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Articles on Cultural policy

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Kate Winslet in the 2015 film The Dressmaker. The film was based on the novel by Australian writer Rosalie Ham. Screen Australia, Film Art Media, White Hot Productions

Gail Jones: Australian literature is chronically underfunded — here’s how to help it flourish

Literature funding has been cut brutally in recent years and writers’ incomes are disastrously low. Yet books shape our national identity, forming an often invisible bedrock for the wider economy.
Communications and Arts Minister Mitch Fifield during a press conference in Canberra in June 2018. Over the last six years of Coalition government, there has been a lack of strong policy initiatives and a neglect of smaller arts organisations. Lukas Coch/AAP

Arts and culture under the Coalition: a lurch between aggression and apathy

The Coalition government’s approach to arts and culture policy has been one of ad hocism and neglect. Perhaps most serious has been the damage done to the Australia Council and the ABC.
Tourists queue to take a photograph of the Mona Lisa at The Louvre. © NikkiJohnson, Image Perception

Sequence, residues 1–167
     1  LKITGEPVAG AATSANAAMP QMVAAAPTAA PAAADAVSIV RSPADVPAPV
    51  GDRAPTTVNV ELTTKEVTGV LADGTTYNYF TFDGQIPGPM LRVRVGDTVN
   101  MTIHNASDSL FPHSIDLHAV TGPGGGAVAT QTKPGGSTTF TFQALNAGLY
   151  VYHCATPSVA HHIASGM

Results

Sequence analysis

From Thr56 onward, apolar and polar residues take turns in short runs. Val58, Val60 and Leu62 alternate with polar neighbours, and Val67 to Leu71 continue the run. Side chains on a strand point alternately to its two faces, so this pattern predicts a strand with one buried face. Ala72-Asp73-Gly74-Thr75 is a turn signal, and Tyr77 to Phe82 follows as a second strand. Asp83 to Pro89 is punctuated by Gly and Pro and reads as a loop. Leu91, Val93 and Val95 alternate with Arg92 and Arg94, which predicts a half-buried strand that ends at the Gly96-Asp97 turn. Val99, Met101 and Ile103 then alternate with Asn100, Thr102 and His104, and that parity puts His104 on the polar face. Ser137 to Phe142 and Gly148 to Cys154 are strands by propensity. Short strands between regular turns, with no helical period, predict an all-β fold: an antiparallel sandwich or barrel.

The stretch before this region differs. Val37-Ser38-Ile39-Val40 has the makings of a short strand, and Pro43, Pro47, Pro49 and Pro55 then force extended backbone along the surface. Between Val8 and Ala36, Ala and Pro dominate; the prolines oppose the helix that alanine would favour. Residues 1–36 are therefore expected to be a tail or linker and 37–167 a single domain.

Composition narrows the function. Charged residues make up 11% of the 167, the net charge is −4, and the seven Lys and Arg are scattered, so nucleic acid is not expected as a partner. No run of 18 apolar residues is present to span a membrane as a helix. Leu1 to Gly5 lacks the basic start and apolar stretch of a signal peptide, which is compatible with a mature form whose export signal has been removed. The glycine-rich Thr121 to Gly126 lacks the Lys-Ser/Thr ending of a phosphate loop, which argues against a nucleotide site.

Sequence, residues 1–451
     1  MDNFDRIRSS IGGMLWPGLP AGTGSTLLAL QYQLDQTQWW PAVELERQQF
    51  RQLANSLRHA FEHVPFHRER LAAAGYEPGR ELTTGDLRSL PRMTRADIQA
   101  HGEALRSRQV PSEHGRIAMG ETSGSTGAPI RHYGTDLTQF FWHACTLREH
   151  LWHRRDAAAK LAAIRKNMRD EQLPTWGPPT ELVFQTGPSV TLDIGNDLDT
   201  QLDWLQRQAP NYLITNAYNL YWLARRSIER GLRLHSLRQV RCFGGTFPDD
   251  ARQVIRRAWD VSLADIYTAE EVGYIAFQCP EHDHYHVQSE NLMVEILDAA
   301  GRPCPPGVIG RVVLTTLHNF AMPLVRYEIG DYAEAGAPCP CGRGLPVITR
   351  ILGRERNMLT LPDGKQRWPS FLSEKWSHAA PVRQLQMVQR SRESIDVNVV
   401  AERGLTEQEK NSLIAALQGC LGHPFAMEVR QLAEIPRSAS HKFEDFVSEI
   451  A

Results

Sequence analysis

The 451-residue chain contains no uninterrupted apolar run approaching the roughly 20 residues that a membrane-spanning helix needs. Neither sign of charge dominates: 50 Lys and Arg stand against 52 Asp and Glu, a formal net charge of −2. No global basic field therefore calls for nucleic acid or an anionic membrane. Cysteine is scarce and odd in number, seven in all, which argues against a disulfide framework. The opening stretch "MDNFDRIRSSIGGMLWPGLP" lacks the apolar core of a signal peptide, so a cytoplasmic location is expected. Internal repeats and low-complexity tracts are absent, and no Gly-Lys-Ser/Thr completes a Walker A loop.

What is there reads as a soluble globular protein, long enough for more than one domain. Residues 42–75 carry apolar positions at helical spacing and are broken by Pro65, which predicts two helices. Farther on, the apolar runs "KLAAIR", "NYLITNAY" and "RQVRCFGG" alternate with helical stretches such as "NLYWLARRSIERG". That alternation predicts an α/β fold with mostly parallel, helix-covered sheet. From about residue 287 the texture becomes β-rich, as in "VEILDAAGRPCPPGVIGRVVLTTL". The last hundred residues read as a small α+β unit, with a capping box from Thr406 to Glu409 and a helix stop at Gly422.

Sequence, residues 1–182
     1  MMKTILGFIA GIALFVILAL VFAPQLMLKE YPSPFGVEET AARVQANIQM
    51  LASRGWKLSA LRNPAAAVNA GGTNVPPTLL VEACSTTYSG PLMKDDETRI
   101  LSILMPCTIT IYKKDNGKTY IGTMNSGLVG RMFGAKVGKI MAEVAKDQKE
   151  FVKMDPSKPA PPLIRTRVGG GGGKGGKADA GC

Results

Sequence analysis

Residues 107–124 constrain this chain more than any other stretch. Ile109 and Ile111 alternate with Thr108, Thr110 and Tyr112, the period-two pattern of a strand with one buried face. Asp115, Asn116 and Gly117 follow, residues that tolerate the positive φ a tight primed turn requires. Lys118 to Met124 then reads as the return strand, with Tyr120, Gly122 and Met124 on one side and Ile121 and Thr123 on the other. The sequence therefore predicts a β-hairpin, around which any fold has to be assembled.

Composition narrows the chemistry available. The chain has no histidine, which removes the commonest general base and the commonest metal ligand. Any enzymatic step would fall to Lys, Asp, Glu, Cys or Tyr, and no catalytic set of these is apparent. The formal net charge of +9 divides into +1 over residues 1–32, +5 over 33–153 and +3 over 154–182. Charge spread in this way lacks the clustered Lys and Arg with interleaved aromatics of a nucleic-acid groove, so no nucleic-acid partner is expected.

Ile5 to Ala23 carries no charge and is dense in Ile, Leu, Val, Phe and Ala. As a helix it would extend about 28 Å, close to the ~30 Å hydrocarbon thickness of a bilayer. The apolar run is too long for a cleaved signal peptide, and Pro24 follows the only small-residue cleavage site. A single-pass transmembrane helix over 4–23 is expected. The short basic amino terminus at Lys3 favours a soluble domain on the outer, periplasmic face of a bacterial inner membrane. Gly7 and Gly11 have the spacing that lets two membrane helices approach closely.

Beyond bulldust, benchmarks and numbers: what matters in Australian culture

At a time when even accountants are looking for a more compelling understanding of value, it is imperative that the arts – where individual experience is central – resist the evangelical call of quantification.
Rather than more measurement of culture, we need more conversation about what kind of culture Australia wants. AAP Image/Tracey Nearmy

A new approach to culture

A new approach to arts advocacy and research could be the breath of fresh air the sector needs - or just more of the same.
Justin Trudeau sees the artistic and creative industries as drivers of Canadian innovation. vl04/flickr

Art for innovation’s sake? Lessons from our Canadian cousin

Canada, a country with a similar demographic and economic profile to ours, has a very different approach when it comes to arts funding. Under Prime Minister Justin Trudeau, there is a renewed sense of vitality in the arts.
The ills that afflict any society can be dealt with much more effectively when the arts are integrated into the national conversation. John Gollings/AAPONE

Finding our identity: arts policy and the future

What if Malcolm Turbull’s conception of “21st-century government” imagines a healthy civil society and a responsive economy that values debate, imagination, difference and surprise - all provided by the arts.

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